Dmitry Medvedev fears a 'deep recession' for Russia following oil price crash

Russian PM: "A number of countries are effectively hampering the development of our economy"

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The Independent Online

Russia could face a "deep recession" if the government scraps its spending plans, Prime Minister Dmitry Medvedev warned on Tuesday.

The cratering cost of oil, the foundation of the Russian economy, as well as western sanctions, has driven the ruble to massively depreciate in value this year leaving the country on the verge of financial crisis.

Speaking at a meeting of his party, Medvedev said the Russia will not retreat from its strategic aims nor rein in its social spending — otherwise it could plunge into a "deep recession".

Russia is expected to fall into recession in 2015 irrespective of its fiscal policy, but Putin and his PM are trying to limit the damage.


In response to the falling ruble, which has lost half its value this year, the Russian central bank increased its key interest rate to a monumental 17 per cent. The currency may benefit, but local businesses and the Russian people will likely be impacted.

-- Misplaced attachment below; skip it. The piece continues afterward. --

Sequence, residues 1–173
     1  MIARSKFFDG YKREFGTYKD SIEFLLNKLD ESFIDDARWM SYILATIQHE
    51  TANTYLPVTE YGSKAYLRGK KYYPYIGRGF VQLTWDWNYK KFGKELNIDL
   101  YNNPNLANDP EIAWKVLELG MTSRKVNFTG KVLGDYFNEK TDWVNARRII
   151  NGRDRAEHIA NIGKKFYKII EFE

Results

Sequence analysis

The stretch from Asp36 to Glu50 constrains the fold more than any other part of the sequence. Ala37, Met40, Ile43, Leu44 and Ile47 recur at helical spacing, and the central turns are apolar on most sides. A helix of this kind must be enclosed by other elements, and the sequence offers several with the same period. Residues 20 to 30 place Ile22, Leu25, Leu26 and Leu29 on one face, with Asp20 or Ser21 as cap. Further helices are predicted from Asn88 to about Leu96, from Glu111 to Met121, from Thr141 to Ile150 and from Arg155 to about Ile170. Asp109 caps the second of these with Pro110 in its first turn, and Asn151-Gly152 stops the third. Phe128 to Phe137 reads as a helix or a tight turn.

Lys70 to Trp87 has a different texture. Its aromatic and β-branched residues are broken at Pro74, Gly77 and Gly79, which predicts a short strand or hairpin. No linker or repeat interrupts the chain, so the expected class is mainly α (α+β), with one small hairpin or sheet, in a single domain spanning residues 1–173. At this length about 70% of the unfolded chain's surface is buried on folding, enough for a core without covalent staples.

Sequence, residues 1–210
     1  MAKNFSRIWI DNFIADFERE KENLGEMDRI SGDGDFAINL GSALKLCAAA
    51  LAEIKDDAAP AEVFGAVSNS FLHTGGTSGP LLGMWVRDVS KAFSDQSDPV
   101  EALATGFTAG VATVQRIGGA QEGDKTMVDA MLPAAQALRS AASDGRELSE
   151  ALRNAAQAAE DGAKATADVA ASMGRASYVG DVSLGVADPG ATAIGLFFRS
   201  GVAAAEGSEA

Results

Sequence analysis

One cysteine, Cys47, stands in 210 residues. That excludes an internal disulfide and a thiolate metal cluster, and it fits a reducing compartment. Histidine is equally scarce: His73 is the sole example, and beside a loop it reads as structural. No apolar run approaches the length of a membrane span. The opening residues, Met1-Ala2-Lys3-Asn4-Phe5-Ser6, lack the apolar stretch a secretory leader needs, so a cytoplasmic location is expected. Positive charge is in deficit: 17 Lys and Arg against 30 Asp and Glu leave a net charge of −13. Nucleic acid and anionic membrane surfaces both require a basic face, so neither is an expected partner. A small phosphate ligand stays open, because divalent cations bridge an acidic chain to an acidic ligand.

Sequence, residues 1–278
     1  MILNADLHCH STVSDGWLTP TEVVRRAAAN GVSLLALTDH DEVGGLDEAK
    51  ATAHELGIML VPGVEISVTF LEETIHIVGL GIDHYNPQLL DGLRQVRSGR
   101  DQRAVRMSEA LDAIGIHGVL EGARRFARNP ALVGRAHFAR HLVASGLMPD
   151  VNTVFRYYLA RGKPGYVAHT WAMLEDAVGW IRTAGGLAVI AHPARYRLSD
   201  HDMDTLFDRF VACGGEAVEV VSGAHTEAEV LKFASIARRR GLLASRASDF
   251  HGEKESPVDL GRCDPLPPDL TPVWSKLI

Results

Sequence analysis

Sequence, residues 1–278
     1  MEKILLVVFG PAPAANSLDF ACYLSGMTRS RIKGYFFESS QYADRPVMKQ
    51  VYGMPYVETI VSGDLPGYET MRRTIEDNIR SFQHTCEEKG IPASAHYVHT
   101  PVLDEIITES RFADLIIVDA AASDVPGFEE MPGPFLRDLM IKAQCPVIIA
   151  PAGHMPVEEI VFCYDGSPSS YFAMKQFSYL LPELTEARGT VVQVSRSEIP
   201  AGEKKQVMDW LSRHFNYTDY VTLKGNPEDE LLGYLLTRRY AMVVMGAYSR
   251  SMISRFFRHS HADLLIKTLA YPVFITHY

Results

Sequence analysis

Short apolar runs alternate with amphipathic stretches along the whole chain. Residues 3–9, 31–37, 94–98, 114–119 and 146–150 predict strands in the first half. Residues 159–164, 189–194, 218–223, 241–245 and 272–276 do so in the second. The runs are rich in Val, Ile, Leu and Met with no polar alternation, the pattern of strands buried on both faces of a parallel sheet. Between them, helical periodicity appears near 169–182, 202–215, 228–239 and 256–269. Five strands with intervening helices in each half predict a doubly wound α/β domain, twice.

Medvedev said the rate hike was a temporary measure and that it will be lowered as soon as the ruble stabilizes. Further signs emerged Tuesday that the ruble is under less stress in the wake of steadier oil prices. It was up 2 per cent at 54 against the dollar.

The oil price, however, may again respond to today's announcement from Saudi Arabia's oil minister.

Ali al-Naimi told the Middle East Economic Survey that Opec [Organization of Petroleum Exporting Countries] will keep oil production steady no matter what: "It is not in the interest of Opec producers to cut their production, whatever the price is.

"Whether it goes down to $20, $40, $50, $60, it is irrelevant."

The PM also sought to blame others for part of Russia's current economic difficulties.

He said the Russian economy is in a worse place now than in the 2008 crisis because "a number of countries are effectively hampering the development of our economy".

The U.S. and its allies, primarily in Europe, have slapped a series of sanctions on Russia over its involvement in Ukraine and the annexation of Crimea. While some of the sanctions were largely symbolic like travel bans, other restrictions have hit the economy hard, such as closing Western debt markets for major state-owned companies.

Additional reporting by AP